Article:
catapult magazine

catapult magazine
Half an Acre

vol. 8, num. 14 :: 2009.07.02 — 2009.07.16

Sometimes it’s a seller’s market, and then other times it’s a buyer’s market.  And in all times there’s an urge to purchase property, to invest in a plot of land for both practical and symbolic reasons.  What’s good and not-so-good about ownership?

 

Feature

Promised land gone

Warning: asking long-time neighbors about family history might surprise you.

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Editorial

Singing still

A musical tour of sentiments about ownership.

Articles

Small life

On the complexity of simplicity and giving up the closet.

Dwelling places

A reflection on the complicated consideration of where to live.

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Dreams for sale

Tracing a family's history and values through home spaces.

The story of our home

On reinforcing a sense of identity through loss.

Conversation: “Half an Acre”

Your opportunity to contribute thoughts about home, land and ownership.

Gallery

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In case you missed it the first time

Ain't nothin' noble about it

A family finds a perfect home in a "changing" neighborhood.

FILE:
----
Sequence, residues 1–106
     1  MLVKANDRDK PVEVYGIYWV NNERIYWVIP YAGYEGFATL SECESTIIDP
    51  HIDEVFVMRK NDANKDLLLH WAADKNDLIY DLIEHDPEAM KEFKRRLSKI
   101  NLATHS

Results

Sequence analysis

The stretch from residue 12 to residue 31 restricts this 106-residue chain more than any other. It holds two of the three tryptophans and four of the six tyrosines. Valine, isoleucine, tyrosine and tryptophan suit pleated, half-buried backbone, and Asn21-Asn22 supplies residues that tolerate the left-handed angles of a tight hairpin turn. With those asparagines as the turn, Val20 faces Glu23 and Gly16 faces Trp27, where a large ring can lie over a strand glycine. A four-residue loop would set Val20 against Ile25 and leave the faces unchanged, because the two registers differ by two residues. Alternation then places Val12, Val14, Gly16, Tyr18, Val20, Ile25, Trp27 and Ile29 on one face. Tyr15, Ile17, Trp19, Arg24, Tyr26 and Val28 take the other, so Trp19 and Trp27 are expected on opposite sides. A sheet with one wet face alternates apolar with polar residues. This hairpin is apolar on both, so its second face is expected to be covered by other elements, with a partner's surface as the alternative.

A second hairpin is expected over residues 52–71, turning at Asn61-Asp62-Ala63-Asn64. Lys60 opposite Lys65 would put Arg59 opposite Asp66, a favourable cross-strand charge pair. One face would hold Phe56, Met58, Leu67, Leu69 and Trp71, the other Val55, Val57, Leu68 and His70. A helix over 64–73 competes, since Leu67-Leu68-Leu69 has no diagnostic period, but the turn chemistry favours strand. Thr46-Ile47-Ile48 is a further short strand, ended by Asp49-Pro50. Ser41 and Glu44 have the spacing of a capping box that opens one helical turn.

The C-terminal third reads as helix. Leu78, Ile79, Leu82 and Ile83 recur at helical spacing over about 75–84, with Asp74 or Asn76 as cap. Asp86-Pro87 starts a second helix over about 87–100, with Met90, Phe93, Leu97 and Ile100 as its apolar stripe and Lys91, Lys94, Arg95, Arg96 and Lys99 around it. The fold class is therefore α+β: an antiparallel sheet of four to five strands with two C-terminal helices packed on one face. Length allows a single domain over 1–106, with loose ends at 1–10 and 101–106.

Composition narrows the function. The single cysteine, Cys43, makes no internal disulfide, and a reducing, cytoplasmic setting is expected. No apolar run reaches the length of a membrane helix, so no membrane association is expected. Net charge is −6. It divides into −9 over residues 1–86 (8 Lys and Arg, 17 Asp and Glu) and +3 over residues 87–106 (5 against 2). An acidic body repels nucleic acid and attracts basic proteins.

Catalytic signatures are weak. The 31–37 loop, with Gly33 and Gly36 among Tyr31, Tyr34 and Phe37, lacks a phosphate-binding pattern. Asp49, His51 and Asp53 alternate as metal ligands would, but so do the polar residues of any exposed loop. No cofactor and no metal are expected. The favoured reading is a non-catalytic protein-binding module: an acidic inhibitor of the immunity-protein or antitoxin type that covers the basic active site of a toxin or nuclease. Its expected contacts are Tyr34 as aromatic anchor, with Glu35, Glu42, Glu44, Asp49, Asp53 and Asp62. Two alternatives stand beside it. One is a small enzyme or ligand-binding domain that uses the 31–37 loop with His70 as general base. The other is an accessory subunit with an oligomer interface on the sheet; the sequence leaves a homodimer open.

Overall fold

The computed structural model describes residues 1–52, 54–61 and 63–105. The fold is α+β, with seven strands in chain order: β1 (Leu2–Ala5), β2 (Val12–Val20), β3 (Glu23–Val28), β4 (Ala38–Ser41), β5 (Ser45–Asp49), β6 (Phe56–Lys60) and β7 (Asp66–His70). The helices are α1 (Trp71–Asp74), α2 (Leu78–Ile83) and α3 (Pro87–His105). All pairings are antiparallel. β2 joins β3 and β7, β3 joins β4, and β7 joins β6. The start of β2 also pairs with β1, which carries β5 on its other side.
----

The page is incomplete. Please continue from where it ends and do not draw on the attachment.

Taking a deep breath

Creating a home that is right respite for yourself and others.

On home-building

Building your own home can be a rewarding adventure when you apply your values.

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Weaving the web

The giant pool of money

A surprisingly entertaining account in layman’s terms of how the U.S. got itself into the current housing crisis.

 
 

daily asterisk

My own experience has shown me that it is possible to live in and attentively study the same small place decade after decade, and find that it ceaselessly evades and exceeds comprehension. There is nothing that it can be reduced to, because “it” is always, and not predictably, changing. It is never the same two days running, and the better one pays attention the more aware one becomes of these differences. Living and working in the place day by day, one is continuously revising one’s knowledge of it, continuously being surprised by it and in error about it. And even if the place stayed the same, one would be getting older and growing in memory and experience, and would need for that reason alone to work from revision to revision. One knows one’s place, that is to say, only within limits, and the limits are in one’s mind, not in the place. This is a description of life in time in the world. A place, apart form our now always possible destruction of it, is inexhaustible. It cannot be altogether known, seen, understood, or appreciated.

Wendell Berry
Life is a Miracle


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